Wild Streaks & Windy Days
Big Bigness, 2007
REVIEW BY: Benjamin Ray
ORIGINALLY PUBLISHED: 04/17/2008
With an opening track titled “Dark Side Of The Moog,” one would expect this to be another prog-rock wannabe band that relies on the sounds pioneered by true musicians. Fortunately, The Boxing Lesson is not such a band.
This is the first full-length by the band, following five years of existence and three EPs. It clocks at more than an hour, a dense and sonically rewarding disc that calls to mind Floyd, Tool and any current emo band you’d care to name.
That’s right, The Boxing Lesson is at heart a psychedelic emo band in love with The Wall and The Cure’s Disintegration. “Hopscotch & Sodapop” sounds like a pop song from the latter band, actually, but it’s not representative of what’s here, kind of like how “Lovesong” didn’t really fit
Lest you think the album is all brooding guitar lines and synth flourishes, “Hanging With The Wrong Crowd” is a fun little number with an all-over-the-map bassline and Casio keyboard-like drums supporting samples of space beeps and whatnot. However, the song gives way to a standard rock song halfway through (“She’s a sex assassin”…sounds like Spinal Tap), albeit an off-kilter upbeat rock song.
The pieces here are long, wavering from the moody “Muerta” to the ballad “Scoundrel” and the rocker “Freedom,” which would have been a big hit in 1974 and still should be today.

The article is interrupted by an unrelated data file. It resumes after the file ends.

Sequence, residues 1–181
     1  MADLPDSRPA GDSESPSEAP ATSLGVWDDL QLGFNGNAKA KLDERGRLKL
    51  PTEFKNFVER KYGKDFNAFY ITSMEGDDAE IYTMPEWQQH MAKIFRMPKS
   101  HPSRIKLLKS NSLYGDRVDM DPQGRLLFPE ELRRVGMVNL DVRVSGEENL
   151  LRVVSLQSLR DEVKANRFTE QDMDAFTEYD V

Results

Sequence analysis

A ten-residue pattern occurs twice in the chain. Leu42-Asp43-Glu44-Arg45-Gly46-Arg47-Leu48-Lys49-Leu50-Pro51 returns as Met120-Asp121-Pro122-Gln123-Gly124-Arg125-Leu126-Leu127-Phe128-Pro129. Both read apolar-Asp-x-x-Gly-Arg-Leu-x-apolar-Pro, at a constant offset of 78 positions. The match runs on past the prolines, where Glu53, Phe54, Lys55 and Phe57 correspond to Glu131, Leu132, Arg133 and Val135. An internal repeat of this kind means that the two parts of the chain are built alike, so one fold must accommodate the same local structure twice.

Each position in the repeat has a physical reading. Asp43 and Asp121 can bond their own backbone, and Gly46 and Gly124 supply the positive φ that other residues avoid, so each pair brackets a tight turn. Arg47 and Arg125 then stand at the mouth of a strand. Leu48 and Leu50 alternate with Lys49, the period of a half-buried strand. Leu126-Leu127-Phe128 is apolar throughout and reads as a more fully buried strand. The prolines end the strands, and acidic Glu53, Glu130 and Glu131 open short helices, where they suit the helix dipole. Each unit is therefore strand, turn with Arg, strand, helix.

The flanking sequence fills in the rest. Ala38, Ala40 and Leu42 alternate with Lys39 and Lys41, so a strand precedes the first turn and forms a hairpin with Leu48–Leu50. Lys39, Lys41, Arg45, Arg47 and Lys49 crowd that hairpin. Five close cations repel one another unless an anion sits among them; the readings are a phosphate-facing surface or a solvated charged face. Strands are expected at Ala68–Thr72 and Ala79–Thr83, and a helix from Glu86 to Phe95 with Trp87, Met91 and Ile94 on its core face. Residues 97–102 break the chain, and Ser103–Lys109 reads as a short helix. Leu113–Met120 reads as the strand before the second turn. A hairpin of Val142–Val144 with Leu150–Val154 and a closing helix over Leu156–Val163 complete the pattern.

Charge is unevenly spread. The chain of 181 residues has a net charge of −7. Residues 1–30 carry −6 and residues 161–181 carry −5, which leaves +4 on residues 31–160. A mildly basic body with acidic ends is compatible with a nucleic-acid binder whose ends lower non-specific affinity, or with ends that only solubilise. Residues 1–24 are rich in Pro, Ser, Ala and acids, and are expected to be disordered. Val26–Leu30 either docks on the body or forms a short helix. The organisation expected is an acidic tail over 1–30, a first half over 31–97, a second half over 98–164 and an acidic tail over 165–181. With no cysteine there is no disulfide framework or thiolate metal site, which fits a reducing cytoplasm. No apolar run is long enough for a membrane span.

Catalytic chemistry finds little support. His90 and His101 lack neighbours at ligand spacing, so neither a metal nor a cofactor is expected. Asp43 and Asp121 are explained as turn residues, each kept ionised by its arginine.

The trio makes a couple of missteps -- “Timing” plods along and “Lower,” while good, is far too long for what it offers -- but then something like “The Art Of Pushing Me Away” comes along and redeems the disc. It would be a head trip to see these guys live (two guys and a girl, actually), as the music would swirl and fill up a spacious stadium or club.
As “Dark Side” started the disc with a good capsule of what the band is about, the title track says a gorgeous goodbye. It is here the band sounds more like Pink Floyd and less like themselves, at least in the first few minutes, but where that band could be menacing in its slower passages, singer/guitarist Paul Waclawsky is inviting and sad. Still, having heard a lot of progressive rock means knowing where the song is heading… the instruments build in volume and intensity and, finally, the piece fades out on a couple synth notes.So, while there is a little bit of “been there” throughout, The Boxing Lesson has mined interesting territory here, and anyone who likes progressive rock and shoegazer pop/emo will find the two a natural combination. Not everything works, but what does makes this one of the more interesting releases of the year.
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